Thursday, January 5, 2012

Five Not so Easy Pieces for Educational Innovation

Five not so Easy Pieces
For Educational Innovation

1. Possibility Leadership:
folks who say things like:
"When I dream I see(*&+_$@!"
"My dream comes from what I heard in your dreams"
"Don't know how, but you wanna try this?"
" I saw how 'so and so' did this or that, which makes me think if we turn it, we can..."
"We failed, what's it telling us?"
"I put in the extra and inspire others to bring their best, which fuels me."
"This is not a job. This is my calling."

if you are hearing the negaholic chant, you are going nowhere:
"Everything is fine."
"We can never do this"
"I would do it, but he is horrible"
"We don't have enough...."

2. Elevator Processes
Ways of working that capture the good from the bottom up and the top down (in our imagined hierarchy that will be melting away soon enough)

Processes that honor the gifts of the forces of the people and the professionals.

You can't have great professionals who make the change

You can't have great task forces who lead and imagine a visionary innovation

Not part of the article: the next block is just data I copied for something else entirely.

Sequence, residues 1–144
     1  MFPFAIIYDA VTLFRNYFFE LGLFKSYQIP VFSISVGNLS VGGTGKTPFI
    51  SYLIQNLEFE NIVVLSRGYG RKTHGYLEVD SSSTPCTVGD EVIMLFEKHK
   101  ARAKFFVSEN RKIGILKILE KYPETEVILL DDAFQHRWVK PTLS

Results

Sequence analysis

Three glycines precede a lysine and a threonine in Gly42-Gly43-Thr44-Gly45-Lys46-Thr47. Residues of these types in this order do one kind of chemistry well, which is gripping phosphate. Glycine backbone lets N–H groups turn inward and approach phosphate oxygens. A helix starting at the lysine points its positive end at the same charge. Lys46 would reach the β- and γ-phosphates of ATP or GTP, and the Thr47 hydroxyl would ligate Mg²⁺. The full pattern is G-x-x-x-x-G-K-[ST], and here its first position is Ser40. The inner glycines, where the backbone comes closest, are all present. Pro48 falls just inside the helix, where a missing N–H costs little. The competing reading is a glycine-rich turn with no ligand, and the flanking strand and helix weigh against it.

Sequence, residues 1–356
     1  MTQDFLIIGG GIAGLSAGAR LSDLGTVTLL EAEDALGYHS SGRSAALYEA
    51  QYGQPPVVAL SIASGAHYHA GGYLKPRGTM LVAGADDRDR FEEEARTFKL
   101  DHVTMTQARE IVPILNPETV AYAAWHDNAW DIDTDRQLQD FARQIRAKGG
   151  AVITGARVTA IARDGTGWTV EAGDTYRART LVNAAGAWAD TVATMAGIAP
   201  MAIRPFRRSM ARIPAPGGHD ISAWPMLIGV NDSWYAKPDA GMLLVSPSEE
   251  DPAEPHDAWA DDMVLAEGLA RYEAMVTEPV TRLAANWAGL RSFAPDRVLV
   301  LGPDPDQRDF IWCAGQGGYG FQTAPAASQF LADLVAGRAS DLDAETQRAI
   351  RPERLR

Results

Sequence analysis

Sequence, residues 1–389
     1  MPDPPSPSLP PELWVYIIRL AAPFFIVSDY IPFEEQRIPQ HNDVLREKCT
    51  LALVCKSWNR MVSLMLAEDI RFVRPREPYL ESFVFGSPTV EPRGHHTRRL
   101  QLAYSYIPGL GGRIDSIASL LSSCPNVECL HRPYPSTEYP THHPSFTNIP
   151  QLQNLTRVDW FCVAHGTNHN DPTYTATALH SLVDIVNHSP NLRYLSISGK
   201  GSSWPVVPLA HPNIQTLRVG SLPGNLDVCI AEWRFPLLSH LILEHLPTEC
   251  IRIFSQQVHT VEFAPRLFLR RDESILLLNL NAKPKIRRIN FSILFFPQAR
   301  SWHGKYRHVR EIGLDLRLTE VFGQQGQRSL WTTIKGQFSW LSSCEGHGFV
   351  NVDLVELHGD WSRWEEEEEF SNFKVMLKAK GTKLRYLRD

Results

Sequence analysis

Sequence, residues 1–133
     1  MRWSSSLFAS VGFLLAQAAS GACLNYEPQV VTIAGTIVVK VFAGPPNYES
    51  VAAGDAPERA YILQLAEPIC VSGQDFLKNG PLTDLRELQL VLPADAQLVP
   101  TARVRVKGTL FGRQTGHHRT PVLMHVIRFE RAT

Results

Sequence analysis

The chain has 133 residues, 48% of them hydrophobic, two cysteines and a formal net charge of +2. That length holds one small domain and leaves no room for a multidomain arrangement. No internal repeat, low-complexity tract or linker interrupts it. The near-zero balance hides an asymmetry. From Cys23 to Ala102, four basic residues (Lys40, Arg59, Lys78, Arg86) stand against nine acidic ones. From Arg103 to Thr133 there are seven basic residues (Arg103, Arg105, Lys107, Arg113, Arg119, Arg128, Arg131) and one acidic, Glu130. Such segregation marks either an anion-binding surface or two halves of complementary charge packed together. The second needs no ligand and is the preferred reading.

You can't have occupy wall street and community conversations define and implement the innovation

You need them all.
So elevator processes go up: they bring the voice, experience and passions of the users to the work of innovation and
Elevator Processes go down: they bring the professional expertise, experience and passion to the work of innovation

3. Forge the Beachhead
Stop talking, pondering, and for goodness sake Just do it.
Get a glimpse of the future done and do it well. Learn from it. Celebrate it.
Be bolder next time.

4. Tell a Tall Tale
Tell the story of the world to come. Say it is true, even before it is.
The sparks of tomorrow are here. You heard it through possibility leadership, through elevator processes and the lives you've already changed.
So say it. Raise up the success now that is the taste of the olam ha ba. Say it boldly. (look how they are calling Romney Timid..woops)

5. Make the evidence visible
Collect the data in stories, in numbers, in pictures and in lives.
Get your base line and keep measuring.

I hate numbers. I still do math on my fingers.
But I know to ask:
What will we take as evidence that we are making a difference?
How do I collect the evidence?
Make it visible.


Not easy. But five pieces, that when congregations put them together, I see Wow.
Take away one or two, limp.